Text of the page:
At Chancellorsville, some exhibits that are visitor favorites will be retained. An exhibit case with the military uniforms and personal objects of two soldiers, Union and Confederate, who fought in the battle will stay, but gain a new perch. And some 200 portraits of men, women and children affected by the battle, donated recently by their modern descendants and hung on a wall of the center’s long, U-shaped gallery, will be moved into a quiet alcove to be carved out of the old theater, which will shrink.

The revamped “Faces of War” exhibit will have as its backdrop a wall bearing the names of the 16,000 people who were killed, missing or wounded in the fighting at Chancellorsville. This area—with those names, faces and a few quotations displayed under subdued lighting—will occupy the middle of the visitor center.

The contemplative, commemorative space is intended to be an area where people think and ask questions about the nature of the Civil War and its terrible sacrifices, Hennessy said.

“There are two things that we’re after,” he said. “Why this all matters to the nation and to this community. And to focus very much on the human experience of war. We’re trying to personalize this event that was on a scale beyond our comprehension.”

Beth Parnicza, the historian who manages the Chancellorsville center, said she’s excited by the prospects for inspiration and education the new exhibits will offer, especially the center gallery.

“You can go through most of the exhibits and see [the war] as sanitized battles. But once you step in there, it’ll be people. How people change war, how people are changed by war, how many people died for their causes—and to realize that they aren’t just numbers. They gave up their lives, their potential, their futures,” she said. “If nothing else, what would you like to say to these people?”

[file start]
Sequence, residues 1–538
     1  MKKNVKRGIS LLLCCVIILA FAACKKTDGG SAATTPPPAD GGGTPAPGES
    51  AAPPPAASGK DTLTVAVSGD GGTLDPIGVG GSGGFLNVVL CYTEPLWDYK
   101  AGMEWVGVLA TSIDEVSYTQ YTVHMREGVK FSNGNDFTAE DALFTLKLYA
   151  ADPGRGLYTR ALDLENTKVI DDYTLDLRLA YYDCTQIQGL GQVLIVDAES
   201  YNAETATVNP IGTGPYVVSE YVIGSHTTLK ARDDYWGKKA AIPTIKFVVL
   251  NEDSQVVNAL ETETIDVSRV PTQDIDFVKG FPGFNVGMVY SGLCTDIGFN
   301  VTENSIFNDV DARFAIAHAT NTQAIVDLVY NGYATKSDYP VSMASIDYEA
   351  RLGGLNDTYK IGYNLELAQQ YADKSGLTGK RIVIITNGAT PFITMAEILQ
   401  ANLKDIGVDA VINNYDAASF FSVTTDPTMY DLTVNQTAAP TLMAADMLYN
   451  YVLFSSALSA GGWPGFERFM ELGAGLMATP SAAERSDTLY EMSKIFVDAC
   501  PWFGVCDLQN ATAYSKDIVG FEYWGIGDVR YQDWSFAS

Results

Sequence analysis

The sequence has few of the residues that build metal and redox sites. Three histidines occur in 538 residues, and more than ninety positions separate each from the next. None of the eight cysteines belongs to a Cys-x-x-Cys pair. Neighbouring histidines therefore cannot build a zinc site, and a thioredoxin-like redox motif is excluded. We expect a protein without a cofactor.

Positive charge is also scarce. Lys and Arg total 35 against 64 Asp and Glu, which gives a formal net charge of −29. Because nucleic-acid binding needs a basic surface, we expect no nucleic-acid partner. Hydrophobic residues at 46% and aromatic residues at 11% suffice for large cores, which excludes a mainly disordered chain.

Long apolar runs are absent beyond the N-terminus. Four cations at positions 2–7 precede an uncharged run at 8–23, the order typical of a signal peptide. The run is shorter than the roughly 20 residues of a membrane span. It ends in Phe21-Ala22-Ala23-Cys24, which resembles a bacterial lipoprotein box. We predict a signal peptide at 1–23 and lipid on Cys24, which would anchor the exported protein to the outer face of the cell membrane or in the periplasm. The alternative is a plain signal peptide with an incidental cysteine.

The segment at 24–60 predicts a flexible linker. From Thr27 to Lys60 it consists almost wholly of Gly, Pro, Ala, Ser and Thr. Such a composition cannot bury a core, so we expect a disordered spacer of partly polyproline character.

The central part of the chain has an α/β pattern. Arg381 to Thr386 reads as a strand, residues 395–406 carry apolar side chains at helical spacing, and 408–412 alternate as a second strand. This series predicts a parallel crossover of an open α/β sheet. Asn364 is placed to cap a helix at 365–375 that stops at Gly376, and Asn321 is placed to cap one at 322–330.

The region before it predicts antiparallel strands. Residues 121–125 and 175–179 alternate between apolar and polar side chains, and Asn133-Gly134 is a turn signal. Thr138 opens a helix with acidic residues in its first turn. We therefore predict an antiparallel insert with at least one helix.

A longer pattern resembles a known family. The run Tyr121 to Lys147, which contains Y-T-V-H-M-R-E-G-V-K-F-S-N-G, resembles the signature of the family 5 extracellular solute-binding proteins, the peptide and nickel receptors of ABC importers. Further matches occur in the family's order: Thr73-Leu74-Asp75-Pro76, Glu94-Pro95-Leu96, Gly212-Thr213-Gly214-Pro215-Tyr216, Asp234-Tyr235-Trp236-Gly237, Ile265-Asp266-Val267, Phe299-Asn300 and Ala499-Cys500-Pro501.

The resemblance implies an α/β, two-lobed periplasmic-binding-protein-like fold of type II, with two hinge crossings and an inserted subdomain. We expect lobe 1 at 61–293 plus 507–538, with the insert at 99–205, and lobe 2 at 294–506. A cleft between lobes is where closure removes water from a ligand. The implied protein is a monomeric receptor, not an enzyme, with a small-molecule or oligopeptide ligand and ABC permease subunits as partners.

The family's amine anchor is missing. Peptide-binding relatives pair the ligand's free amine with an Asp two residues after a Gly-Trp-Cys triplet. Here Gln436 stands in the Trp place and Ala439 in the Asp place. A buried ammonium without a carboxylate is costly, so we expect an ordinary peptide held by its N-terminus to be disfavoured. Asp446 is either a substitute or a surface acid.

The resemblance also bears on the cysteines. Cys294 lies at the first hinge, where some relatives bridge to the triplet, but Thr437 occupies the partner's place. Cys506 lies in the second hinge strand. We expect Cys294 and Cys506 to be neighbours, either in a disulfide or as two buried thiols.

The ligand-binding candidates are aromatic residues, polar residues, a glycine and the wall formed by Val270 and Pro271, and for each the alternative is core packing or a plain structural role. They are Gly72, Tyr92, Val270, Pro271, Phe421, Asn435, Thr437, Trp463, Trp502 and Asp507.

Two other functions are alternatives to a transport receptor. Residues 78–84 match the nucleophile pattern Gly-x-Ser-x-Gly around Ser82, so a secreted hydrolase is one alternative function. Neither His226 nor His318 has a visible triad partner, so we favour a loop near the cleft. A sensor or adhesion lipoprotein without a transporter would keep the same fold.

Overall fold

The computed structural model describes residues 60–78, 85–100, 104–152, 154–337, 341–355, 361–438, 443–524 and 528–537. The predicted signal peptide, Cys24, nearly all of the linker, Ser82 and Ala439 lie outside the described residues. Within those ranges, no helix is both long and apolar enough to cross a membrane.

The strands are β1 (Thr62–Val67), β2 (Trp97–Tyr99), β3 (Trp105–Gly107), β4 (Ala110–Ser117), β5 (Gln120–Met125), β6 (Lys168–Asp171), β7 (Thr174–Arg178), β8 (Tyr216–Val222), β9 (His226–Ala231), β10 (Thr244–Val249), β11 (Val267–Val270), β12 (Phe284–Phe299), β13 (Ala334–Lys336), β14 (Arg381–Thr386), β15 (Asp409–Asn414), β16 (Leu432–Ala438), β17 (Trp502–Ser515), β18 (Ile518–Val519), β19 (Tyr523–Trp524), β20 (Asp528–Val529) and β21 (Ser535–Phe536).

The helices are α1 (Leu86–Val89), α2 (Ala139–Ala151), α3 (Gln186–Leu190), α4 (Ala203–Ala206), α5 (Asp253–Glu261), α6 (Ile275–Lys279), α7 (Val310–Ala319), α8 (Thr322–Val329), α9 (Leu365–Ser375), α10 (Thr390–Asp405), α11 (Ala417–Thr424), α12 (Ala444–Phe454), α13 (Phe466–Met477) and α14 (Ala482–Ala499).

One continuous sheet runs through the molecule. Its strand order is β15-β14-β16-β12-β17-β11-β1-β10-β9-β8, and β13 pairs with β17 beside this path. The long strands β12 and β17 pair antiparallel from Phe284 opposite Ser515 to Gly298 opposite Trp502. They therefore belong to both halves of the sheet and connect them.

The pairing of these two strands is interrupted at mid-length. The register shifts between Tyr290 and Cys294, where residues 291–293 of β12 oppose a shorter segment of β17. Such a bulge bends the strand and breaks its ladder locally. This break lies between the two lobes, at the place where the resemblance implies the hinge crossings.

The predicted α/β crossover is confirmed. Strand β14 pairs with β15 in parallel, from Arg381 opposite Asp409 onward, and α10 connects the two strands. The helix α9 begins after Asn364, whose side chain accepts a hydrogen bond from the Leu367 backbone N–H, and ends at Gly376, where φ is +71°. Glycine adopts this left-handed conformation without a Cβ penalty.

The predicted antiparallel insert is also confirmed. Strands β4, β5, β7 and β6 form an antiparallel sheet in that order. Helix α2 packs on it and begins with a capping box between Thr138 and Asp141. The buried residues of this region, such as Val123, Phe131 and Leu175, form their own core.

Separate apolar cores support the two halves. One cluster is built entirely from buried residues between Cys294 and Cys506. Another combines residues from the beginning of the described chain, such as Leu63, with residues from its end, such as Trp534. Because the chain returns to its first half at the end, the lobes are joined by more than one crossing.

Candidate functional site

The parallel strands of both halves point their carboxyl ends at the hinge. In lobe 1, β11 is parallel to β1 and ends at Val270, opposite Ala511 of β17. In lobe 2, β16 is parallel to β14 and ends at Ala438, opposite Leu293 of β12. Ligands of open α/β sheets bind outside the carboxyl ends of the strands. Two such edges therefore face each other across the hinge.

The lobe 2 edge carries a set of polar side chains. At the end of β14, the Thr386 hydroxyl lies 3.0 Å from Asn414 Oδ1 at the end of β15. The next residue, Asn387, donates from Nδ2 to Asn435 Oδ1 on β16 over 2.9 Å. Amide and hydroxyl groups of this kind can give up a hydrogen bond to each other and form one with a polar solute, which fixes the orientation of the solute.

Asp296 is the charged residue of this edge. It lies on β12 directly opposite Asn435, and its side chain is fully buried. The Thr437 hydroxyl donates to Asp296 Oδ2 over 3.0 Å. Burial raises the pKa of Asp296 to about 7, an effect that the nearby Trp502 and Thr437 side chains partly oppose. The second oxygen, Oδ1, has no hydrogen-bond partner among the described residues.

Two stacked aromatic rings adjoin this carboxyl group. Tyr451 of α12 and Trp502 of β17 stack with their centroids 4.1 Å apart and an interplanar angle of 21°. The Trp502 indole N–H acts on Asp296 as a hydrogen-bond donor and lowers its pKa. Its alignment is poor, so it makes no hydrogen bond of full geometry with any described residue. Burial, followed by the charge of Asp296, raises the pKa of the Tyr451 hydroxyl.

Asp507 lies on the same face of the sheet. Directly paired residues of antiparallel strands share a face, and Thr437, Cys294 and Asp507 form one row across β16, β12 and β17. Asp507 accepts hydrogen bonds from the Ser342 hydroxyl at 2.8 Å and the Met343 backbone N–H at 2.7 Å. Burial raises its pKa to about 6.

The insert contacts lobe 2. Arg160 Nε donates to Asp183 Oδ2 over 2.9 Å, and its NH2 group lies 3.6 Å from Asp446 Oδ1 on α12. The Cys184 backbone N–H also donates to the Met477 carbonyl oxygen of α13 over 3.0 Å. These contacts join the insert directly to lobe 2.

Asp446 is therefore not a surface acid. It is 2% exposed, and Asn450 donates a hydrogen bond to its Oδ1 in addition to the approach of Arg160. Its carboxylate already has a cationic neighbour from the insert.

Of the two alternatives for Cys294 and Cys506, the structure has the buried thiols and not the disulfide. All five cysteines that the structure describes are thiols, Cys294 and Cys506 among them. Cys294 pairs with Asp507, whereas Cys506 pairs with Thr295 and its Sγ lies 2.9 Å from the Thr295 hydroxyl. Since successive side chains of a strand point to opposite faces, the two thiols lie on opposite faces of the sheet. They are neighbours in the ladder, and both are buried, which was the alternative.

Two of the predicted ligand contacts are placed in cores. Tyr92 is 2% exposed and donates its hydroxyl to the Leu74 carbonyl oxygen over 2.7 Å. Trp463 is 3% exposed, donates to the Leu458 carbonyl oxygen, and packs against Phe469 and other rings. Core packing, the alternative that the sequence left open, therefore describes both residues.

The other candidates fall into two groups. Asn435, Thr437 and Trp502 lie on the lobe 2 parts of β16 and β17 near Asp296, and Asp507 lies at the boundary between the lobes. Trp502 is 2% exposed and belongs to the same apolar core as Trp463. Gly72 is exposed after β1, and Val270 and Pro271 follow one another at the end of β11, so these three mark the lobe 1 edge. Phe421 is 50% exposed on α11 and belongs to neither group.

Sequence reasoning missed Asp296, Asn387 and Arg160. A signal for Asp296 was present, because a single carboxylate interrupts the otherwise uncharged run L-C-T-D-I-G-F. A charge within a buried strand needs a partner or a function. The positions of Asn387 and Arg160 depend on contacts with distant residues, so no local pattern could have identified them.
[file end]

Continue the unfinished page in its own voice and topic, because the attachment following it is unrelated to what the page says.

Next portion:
The painstaking process of taking down the 1963 exhibits’ artifacts revealed a few secrets, from the crude but effective way that minié balls and a cartridge box plate were affixed to an exhibit case’s rear wall to the identity of the soldier who carried a weatherproof, Model 1853 knapsack. 

When curators opened it up, they found that William S. Moser of the 9th New York Infantry had written his name and unit inside in two places and stenciled it in a third. Clearly, he didn’t want to risk losing that piece of his gear.

“We were likely the first people to see the soldier’s efforts to identify the pack as his since it had been hung in the exhibit 50 years ago,” said Eric Mink, the park’s cultural resources historian.

Frank A. O’Reilly, an older historian who has devoted his life to the park, sounded a bit nostalgic about seeing the old exhibits go.

“I’ve loved the dioramas since I was a small child and could barely peek into them,” said O’Reilly, author of the best-known tactical study on the Battle of Fredericksburg.

“Growing up, I spent all my summer vacations on battlefields during family trips or long ‘guy weekends’ with my dad; this was one of our first bonding places. I never imagined that what was an avocation would become my vocation.”


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Clint Schemmer: 540/368-5029